Most businesses generate revenue by making a sale, deliver the goods or services, and repeat this process again. This model works if your sales pipeline is filled with customers waiting to buy from you. But a more sustainable approach is to adopt the recurring revenue model, which is common in the Software as a Service (SaaS) industry.
What makes SaaS so different?
SaaS is an attractive business model because of the predictability of the revenue stream coming in as end users pay on a monthly, quarterly or annual basis. This revenue is called monthly recurring revenue (MRR).
In a recurring revenue model, your customers will pay the service over a certain period of time, known as the customer lifetime. If customers are happy with the service, they will stick around for a long time and the seller will profit more from that customer over time. However, if customers are unhappy with the service, they will discontinue payment and churn out quickly. This will likely result in a loss for the business because the cost of acquiring a customer is usually pretty high.
The two key success factors
In a recurring revenue model, a company’s expenses to acquire customers and deliver the service will outstrip the revenue gained in the early period. This is because customers pay on a monthly basis and over time, but the expenses to deliver the service and acquire customers is up-front. This is why the following two factors are critical for business success.
1. Customer Acquisition
The acquisition and on-boarding of new clients is a critical component to any business model, but it is perhaps even more critical in a recurring revenue model. These companies typically spend several thousand dollars to acquire customers and in most cases will not see a payback on that acquisition cost for several months. However, the more customers you can acquire with the same level of marketing spend, the lower your payback period and the higher your return on investment for each customer acquired.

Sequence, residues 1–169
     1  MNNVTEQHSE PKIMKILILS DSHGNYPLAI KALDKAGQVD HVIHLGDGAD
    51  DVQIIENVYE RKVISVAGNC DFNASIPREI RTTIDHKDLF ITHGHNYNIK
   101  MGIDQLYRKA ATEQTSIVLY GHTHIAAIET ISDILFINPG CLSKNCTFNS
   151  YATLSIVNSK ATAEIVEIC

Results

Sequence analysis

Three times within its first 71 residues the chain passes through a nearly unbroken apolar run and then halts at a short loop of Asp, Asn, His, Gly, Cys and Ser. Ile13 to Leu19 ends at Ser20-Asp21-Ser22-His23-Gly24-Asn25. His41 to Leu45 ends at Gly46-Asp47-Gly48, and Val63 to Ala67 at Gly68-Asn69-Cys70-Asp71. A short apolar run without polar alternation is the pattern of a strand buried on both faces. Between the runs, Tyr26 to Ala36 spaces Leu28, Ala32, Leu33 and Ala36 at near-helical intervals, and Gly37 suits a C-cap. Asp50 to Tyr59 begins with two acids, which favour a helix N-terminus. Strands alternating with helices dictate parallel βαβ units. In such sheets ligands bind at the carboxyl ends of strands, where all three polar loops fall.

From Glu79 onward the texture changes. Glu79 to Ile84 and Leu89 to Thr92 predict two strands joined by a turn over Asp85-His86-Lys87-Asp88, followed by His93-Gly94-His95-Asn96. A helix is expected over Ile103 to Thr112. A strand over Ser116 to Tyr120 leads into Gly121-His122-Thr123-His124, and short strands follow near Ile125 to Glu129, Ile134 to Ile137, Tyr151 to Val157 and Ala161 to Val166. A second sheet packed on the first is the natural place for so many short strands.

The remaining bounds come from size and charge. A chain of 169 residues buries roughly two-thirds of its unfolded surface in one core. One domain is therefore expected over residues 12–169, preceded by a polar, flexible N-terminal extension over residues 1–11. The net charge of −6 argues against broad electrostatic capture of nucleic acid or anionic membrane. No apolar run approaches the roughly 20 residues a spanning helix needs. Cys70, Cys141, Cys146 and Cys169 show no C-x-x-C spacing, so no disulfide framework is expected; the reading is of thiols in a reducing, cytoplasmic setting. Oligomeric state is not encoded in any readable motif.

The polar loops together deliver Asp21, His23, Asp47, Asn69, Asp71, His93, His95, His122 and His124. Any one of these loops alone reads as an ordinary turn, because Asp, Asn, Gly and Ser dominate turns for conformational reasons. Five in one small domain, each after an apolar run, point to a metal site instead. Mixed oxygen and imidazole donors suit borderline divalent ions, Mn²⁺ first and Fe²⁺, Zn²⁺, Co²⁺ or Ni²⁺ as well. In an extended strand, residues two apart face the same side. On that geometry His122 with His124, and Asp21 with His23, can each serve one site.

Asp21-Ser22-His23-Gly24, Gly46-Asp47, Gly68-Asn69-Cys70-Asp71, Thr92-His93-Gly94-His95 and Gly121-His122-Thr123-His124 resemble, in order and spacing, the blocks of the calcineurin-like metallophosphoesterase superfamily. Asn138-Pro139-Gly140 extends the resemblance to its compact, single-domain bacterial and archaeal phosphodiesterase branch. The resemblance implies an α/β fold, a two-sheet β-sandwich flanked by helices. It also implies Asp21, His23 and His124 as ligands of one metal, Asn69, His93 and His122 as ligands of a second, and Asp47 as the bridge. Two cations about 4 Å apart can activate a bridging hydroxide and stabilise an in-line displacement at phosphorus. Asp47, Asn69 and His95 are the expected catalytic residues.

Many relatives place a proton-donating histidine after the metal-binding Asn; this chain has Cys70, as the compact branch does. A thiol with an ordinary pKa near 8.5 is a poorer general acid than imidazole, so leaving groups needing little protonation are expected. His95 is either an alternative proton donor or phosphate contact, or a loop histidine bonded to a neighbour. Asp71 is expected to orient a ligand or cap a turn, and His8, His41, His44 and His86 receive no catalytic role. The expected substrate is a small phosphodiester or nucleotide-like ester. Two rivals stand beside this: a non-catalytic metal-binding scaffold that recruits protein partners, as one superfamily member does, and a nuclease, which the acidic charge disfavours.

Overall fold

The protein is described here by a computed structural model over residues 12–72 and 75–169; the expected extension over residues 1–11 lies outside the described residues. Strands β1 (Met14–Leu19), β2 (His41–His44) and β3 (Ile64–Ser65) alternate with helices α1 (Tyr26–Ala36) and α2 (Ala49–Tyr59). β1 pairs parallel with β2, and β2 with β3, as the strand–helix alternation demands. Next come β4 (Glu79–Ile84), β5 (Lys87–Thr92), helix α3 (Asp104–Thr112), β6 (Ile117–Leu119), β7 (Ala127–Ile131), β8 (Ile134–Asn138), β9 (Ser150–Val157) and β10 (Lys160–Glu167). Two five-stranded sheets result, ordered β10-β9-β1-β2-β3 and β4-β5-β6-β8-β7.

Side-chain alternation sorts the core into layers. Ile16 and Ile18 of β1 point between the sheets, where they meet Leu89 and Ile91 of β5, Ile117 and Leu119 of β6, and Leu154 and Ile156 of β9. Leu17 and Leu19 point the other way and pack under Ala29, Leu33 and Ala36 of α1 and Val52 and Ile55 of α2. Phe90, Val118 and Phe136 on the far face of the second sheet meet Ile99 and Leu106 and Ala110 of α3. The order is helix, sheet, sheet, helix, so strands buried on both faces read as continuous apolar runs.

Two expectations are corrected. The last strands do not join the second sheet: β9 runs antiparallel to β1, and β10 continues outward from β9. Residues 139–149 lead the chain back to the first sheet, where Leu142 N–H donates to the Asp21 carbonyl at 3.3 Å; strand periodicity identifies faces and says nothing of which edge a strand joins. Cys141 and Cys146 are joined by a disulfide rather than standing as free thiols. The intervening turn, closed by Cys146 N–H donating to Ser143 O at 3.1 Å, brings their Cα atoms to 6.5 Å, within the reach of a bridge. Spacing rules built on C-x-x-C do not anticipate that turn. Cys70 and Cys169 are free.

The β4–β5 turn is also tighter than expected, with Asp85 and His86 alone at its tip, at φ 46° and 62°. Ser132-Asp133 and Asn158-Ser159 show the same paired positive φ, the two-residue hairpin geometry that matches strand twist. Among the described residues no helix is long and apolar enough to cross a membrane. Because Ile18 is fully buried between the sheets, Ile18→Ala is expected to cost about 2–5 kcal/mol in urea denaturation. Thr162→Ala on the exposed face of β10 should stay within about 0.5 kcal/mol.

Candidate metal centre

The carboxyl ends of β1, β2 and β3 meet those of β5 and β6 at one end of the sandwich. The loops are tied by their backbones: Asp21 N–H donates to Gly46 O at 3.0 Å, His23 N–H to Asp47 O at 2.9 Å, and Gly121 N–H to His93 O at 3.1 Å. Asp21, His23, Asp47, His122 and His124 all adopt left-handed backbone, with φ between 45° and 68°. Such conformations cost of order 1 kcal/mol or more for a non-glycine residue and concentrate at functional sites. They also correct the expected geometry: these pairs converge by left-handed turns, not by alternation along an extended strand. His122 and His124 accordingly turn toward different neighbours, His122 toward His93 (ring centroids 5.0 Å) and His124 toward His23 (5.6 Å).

2. Customer Retention
Retaining customers is equally important to acquiring customers. If a company spends thousands of dollars to acquire a customer but then loses (churns out) that customer after a couple of months, then the company has lost money on that customer. However, if churn is low and customers stay on the platform for several years, then the company has a profitable base of recurring revenue.
Three key metrics to measure
Using too many metrics to measure performance can be confusing and, for smaller companies, irrelevant. For companies that are just starting out, it is important to have a smaller set of metrics that you monitor closely as the business grows. I advise my clients to focus on three key metrics.
1. Monthly Recurring Revenue (MRR)
Measuring monthly recurring revenue will show you what the company will book in revenue next month, but more importantly it will illustrate the month-over-month growth in recurring revenue as the business expands.
2. Customer acquisition cost (CAC)
This is the cost of acquiring a new customer and will usually include all sales, marketing and product delivery costs. This is typically measured by adding up the costs of customer acquisition in a quarter divided by the number of customers added in that period. The importance of this metric is to monitor the costs associated with customer acquisition and to provide a benchmark on how well your sales and marketing efforts are working.
3. Customer churn rate
Although there are many ways to measure churn (MRR churn, customer churn, etc.) the concept is roughly the same for all methods. It measures the loss or discontinuation of a paying customer or contract. Churn is frequently expressed as a percentage on either a monthly, quarterly or annual basis. Knowing the churn rate is critical for the success of the company as it is a telling metric on the health of the client base and the on-boarding process.
A recurring revenue model can deliver a multitude of key performance metrics to calculate. However, it is important not to get bogged down with the overwhelming number of metrics. My recommendation is to start with the three mentioned above (MRR, CAC and churn rate) and then build out from there. Over time, you will discover which metrics are most relevant to your business and make the most sense to track.